Egyptian Minister of Foreign Affairs, Mohamed Kamel Amr (Photo: Reuters)
Egypt's foreign ministry on Wednesday summoned Ethiopian Ambassador Mahmoud Dardir to express its displeasure with Ethiopia's construction of a major dam on the Blue Nile.
Head of the ministry's African affairs committee, Ambassador Ali Hefny, along with other diplomats, met with Dardir Wednesday to convey Egypt's unhappiness with the move.
Egyptian diplomats further criticised Ethiopia for going ahead with the project without taking into account the recommendations of a technical committee – tasked with studying the issue – consisting of ten specialists, including representatives of Egypt, Sudan and Ethiopia.
In a Tuesday interview with Ahram Online, Egyptian ambassador to Ethiopia Mohamed Idris stated that Egypt was pursuing a "win-win scenario in which the interests of both sides can be served and accommodated."
Idris added: "We're expecting Ethiopian officials to make good on their earlier promise to act in a way that would not harm Egyptian interests."
A report on the possible impact of Ethiopia's 'Renaissance Dam' is expected to be issued later this week by the committee of specialists.
Sources close to the committee say the report will include concerns over the potential impact of the dam on Egypt and Sudan.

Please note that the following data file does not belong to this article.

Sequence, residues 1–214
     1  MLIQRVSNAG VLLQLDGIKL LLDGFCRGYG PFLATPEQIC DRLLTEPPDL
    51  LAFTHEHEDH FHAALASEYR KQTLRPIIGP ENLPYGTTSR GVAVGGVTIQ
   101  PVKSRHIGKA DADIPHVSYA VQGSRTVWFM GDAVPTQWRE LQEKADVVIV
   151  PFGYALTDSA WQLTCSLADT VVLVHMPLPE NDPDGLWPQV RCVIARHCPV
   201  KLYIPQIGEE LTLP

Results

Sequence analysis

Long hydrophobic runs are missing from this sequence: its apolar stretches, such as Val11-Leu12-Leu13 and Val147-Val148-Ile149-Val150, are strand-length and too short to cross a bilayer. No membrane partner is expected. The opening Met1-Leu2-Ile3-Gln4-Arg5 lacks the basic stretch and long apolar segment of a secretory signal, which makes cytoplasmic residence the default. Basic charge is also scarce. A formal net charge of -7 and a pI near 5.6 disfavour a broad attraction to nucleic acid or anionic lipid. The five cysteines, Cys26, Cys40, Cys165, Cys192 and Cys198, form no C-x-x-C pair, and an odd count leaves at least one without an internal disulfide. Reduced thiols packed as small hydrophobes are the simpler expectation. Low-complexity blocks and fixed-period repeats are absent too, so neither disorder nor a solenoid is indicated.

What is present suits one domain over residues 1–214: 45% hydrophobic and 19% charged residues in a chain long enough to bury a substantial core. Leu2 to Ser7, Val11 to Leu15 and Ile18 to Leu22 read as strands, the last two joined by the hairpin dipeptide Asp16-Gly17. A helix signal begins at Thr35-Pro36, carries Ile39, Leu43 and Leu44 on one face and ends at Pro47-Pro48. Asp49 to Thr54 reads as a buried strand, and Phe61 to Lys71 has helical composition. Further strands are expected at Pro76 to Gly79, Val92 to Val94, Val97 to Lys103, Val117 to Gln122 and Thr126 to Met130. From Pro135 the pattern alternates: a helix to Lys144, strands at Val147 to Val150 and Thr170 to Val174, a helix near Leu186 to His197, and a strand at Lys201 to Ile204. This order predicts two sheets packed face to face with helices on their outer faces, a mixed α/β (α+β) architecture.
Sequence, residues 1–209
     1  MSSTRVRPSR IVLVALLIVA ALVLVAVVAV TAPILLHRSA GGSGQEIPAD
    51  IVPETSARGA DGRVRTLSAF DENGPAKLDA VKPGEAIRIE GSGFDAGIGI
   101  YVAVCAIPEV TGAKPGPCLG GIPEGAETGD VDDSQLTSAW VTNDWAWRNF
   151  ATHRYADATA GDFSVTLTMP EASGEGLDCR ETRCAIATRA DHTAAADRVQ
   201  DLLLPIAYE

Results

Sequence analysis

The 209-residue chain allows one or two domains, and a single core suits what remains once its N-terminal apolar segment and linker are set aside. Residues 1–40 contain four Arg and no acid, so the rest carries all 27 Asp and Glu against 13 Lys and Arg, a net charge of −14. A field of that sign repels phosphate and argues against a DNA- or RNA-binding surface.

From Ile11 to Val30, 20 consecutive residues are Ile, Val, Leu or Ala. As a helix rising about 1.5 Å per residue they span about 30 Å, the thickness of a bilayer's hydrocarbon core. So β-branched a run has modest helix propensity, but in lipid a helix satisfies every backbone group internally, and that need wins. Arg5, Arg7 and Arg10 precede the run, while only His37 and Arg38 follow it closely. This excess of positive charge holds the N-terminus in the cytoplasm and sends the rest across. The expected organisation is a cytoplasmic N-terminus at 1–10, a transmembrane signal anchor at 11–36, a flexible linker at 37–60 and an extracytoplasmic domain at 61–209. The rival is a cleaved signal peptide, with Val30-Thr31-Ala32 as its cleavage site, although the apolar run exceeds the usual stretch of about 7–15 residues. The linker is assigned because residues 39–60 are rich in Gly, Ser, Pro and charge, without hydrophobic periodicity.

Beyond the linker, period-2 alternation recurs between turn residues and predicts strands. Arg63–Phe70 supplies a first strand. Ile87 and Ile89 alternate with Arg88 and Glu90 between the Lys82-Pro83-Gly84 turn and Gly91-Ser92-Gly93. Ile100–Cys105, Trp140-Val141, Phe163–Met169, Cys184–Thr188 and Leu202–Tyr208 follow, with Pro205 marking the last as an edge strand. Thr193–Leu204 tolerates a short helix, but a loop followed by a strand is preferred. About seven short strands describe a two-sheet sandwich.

It is also expected to refer to worries that cracks could develop in the dam within a few years, eventually leading to serious flooding.
Ethiopia on Tuesday began diverting the course of the Blue Nile, one of the Nile River’s two major tributaries, as part of its project to build a series of new dams for electricity production.
The move, called "historic" by Ethiopian government spokesperson Bereket Simon, has prompted criticism from downstream Egypt and Sudan, since the step could negatively affect both countries' water quotas.
The Blue Nile provides Egypt with the lion's share of its annual 55 billion cubic metres of river water.
According to the state-run National Planning Institute, Egypt will need an additional 21 billion cubic metres of water per year by 2050 – on top of its current quota of 55 billion metres – to meet the needs of a projected population of 150 million.